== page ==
We're under fowl surveillance. The chickens want in.

Monday, January 31, 2011

Two-year-olds get a bad rap.

I told B that it was time for him to get dressed. (All right, so it was past time. But when we don't have to be anywhere, sometimes B hangs out in pajamas for awhile. I'm not disclosing until when here... but anyway, he doesn't mind.) Next thing I knew, four-year-old N and two-year-old B were clomping through the house as robots. Not sure where that came from. But here comes B, imitating to the best of his ability the jerking movements and stilted voice of a robot, as modeled by his brother.

"Robot-need-to-get-dressed," he intoned. Then he grinned that impish grin at me.

I felt like the mother in the opening paragraph of J. M. Barrie's Peter Pan. Two-year-old Wendy presents her mother with a flower, and the narrator remarks, "I suppose she must have looked rather delightful, for Mrs. Darling put her hand to her heart and cried, 'Oh, why can't you remain like this for ever!'"

It is for my two-year-olds that I have most often felt that sentiment. I must confess that, although I adore babies, I never long for a baby to stay a baby forever, and am predictably thrilled at each milestone reached. And once a child is much past two, they themselves are so impatient to grow up that it seems rather cruel to wish that they wouldn't (nevertheless, I have my cruel moments). But two-year-olds are so satisfied being two. They have the best of being a baby, all that excitement at the newness of everything, without the night feedings or the spitting up.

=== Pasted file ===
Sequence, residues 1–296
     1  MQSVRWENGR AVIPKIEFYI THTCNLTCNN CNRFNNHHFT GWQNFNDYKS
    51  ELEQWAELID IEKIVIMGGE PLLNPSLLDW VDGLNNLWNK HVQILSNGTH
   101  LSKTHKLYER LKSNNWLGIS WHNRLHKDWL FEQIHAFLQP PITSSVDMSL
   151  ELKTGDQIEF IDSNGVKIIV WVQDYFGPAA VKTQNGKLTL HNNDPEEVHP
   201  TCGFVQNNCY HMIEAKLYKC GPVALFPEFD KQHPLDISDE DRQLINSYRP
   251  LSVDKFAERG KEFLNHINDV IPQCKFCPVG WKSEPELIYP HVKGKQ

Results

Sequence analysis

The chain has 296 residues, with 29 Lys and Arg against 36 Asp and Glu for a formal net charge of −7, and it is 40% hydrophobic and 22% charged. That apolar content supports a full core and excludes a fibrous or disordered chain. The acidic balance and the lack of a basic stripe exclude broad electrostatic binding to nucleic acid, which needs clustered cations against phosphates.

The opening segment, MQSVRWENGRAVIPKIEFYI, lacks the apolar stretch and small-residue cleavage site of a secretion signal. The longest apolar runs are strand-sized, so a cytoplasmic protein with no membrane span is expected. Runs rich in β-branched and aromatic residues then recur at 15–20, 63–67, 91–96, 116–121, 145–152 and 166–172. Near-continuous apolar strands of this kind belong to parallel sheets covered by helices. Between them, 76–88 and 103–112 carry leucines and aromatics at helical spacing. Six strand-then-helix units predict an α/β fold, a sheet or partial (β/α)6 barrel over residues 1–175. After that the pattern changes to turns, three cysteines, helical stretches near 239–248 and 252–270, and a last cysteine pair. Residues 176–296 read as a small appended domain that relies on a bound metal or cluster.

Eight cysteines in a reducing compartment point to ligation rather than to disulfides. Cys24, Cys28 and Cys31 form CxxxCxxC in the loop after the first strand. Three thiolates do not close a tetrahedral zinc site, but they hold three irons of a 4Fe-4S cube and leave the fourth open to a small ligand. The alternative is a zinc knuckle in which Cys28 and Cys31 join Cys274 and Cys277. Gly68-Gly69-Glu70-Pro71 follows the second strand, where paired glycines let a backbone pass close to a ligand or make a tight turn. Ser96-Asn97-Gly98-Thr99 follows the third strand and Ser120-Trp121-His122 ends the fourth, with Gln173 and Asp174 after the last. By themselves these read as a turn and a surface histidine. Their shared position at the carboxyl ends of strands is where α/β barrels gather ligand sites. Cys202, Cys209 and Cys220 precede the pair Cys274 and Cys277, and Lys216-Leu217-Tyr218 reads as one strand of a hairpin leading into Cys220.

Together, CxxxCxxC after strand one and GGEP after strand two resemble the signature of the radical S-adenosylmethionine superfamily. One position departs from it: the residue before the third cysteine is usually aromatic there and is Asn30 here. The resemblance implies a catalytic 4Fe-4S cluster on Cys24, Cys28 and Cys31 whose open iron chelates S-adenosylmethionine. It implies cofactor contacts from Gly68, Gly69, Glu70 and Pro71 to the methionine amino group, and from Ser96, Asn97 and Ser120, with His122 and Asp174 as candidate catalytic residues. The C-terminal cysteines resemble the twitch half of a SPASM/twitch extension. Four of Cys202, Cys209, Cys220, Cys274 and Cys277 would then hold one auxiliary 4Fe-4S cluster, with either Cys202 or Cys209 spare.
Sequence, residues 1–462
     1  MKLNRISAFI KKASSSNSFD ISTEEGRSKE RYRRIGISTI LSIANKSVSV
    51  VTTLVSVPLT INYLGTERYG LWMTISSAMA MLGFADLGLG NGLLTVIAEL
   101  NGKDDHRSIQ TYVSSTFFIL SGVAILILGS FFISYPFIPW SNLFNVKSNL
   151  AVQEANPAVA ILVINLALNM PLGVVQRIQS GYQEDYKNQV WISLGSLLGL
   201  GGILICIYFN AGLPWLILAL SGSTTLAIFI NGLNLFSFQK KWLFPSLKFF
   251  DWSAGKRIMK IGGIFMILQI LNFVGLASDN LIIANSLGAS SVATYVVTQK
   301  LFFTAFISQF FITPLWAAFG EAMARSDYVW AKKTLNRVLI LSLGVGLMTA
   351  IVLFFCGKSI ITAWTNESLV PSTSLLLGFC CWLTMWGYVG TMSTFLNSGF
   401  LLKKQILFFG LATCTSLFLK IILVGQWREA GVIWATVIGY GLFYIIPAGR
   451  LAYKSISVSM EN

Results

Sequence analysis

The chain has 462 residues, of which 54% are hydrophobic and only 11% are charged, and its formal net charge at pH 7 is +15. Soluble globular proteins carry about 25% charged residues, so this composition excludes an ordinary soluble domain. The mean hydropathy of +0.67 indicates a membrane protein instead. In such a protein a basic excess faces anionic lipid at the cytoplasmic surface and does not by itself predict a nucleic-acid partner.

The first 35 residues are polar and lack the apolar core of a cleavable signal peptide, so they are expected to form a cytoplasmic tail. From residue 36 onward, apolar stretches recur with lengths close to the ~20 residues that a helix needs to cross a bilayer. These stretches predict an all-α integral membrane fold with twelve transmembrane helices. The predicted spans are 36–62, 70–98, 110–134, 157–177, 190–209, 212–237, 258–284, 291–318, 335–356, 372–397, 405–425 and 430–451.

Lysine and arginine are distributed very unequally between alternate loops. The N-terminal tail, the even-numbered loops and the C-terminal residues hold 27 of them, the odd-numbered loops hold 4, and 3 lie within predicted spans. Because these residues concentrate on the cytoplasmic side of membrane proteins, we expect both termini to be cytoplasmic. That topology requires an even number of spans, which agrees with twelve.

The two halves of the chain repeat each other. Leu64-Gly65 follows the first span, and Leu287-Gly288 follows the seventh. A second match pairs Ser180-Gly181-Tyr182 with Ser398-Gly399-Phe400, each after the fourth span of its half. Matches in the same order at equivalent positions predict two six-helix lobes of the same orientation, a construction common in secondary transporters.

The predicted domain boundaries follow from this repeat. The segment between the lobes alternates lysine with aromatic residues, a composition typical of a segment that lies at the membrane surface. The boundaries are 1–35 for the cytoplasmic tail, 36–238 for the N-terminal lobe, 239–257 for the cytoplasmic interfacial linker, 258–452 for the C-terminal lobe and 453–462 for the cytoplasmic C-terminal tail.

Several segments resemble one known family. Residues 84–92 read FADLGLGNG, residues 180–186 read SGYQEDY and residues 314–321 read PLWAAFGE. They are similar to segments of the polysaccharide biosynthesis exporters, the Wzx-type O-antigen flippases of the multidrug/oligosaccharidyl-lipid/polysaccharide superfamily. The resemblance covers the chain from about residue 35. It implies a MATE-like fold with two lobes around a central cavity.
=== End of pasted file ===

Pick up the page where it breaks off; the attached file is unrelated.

Even when my two-year-old robot fidgeted and decided to tease me by running off after his shirt was on, he was easily brought back by my simply joining the game. "Robots-need-pants," I reminded him mechanically, and he laughed and ran back to hug me, before obligingly stepping into his trousers.

If only B would be fully potty-trained (surely the most odious task in all of parenthood--but we're so close!), I confess I could wish he'd stay two forever. Terrible twos? Never heard of them.

But then, maybe my children are just developmentally delayed, because J and I agree that three is a perfectly rotten age (too harsh? "very challenging" in parentally PC terms), full of whining and "testing." I must admit that we therefore greet a fourth birthday with an extra measure of glee mingled with relief.


  1. Blech. I absolutely agree that three is a rotten age. Two-year-olds make me laugh but three-year-olds just try their hardest to get in trouble all the time. Temper tantrum threes!

  2. Amen to the terrible threes! We're counting down until ours turns four this summer. I agree with your sentiments about two-year-olds. They're just so cute!